Desire to be authentic like Peter.  Authentic believers confidently declare, like the apostle Paul, “Follow me, as I follow Christ.”[2]  Similarly, we must learn to accept people the way that Jesus accepted Peter.  Stevenson observed that, “He [Christ] poured himself into the lives of the people around Him and changed their lives forever.”[3]  Relational authenticity not only enhances camaraderie but also fosters the development of other believers.  Authentic, transparent following of Christ must become the norm and standard.  I want to be a follower of Christ first and foremost. By God’s grace we can experience radical transformation of our lives to authentically bring glory to God through Jesus Christ (2 Peter 3:18).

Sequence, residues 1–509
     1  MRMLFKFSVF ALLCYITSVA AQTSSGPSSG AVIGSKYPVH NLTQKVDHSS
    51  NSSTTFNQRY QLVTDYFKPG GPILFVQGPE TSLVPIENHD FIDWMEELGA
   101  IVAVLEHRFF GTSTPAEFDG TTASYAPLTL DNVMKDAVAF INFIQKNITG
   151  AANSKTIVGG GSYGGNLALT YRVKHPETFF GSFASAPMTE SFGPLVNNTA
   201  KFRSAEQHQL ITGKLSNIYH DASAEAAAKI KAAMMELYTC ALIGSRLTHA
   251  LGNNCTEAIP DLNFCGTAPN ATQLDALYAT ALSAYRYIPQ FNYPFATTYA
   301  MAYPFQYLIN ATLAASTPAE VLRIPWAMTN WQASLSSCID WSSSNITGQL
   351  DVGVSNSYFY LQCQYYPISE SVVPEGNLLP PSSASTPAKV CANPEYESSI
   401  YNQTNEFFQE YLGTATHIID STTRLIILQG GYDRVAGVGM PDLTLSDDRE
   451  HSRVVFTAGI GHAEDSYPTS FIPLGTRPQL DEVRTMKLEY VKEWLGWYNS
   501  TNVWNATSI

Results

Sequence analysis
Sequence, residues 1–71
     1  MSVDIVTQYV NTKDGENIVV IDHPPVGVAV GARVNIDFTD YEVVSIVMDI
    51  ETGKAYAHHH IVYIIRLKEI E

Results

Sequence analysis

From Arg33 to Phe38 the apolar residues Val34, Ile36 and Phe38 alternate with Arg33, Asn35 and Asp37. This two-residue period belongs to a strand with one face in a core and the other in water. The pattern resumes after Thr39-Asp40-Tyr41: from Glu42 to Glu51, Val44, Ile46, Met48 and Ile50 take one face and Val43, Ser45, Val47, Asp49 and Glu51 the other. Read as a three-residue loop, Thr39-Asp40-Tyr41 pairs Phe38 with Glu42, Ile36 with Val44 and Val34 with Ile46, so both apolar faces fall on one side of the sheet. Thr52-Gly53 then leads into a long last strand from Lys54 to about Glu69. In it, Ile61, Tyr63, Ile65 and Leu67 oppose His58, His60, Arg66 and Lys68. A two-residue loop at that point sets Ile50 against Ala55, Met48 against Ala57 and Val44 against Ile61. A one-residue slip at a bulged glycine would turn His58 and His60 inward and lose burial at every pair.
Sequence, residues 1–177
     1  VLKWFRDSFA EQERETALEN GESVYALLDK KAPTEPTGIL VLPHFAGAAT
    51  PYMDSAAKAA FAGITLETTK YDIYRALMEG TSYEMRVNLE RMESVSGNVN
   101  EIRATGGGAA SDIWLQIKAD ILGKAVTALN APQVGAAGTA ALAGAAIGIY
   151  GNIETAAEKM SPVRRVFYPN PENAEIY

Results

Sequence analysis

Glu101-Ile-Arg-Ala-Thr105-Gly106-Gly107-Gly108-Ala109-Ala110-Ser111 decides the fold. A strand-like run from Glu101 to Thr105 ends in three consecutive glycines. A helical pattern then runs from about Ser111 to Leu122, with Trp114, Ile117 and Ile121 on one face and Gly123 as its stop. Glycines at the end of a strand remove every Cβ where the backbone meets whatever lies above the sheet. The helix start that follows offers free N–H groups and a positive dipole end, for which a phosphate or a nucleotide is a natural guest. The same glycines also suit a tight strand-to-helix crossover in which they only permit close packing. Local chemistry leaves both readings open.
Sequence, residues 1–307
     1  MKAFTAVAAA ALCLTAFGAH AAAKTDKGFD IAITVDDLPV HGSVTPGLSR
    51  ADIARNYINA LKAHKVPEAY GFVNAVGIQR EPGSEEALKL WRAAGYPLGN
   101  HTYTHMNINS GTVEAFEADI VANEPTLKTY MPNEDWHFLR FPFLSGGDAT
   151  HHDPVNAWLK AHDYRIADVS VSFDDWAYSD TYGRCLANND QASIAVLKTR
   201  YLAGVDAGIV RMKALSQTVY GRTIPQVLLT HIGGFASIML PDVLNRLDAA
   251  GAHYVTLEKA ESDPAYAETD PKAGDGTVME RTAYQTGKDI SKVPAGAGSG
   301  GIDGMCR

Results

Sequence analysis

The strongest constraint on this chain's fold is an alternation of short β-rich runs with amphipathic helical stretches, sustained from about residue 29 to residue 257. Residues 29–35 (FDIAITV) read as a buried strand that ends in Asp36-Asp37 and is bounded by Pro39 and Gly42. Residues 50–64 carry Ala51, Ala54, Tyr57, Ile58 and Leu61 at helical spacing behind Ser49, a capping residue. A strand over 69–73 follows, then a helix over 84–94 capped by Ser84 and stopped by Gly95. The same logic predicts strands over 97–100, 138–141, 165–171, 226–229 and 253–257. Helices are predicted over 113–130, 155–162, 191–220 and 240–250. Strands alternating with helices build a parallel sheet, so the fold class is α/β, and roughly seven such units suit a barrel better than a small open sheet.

[1] R. C. H. Lenski, The Interpretation of the Epistles of St. Peter, St. John and St. Jude (Minneapolis, MN: Augsburg Publishing House, 1966), 16.

[2] Fred Smith, Learning to Lead: Bringing Out the Best in People (Carol Stream, IL: CTi., 1986), 29.

[3] Phil Stevenson, 5 Things Anyone Can Do to Lead Effectively (Indianapolis, IN: WPH, 2007), 94.

Selected Bibliography

Lenski, R. C. H.  The Interpretation of the Epistles of St. Peter, St. John and St. Jude. Minneapolis, MN: Augsburg Publishing House. 1966.

Smith, Fred. Learning to Lead: Bringing out the Best in People. Carol Stream, IL: CTi, 1986.

Stevenson, Phil. 5 Things Anyone Can Do to Lead Effectively. Indianapolis, IN: WPH, 2007.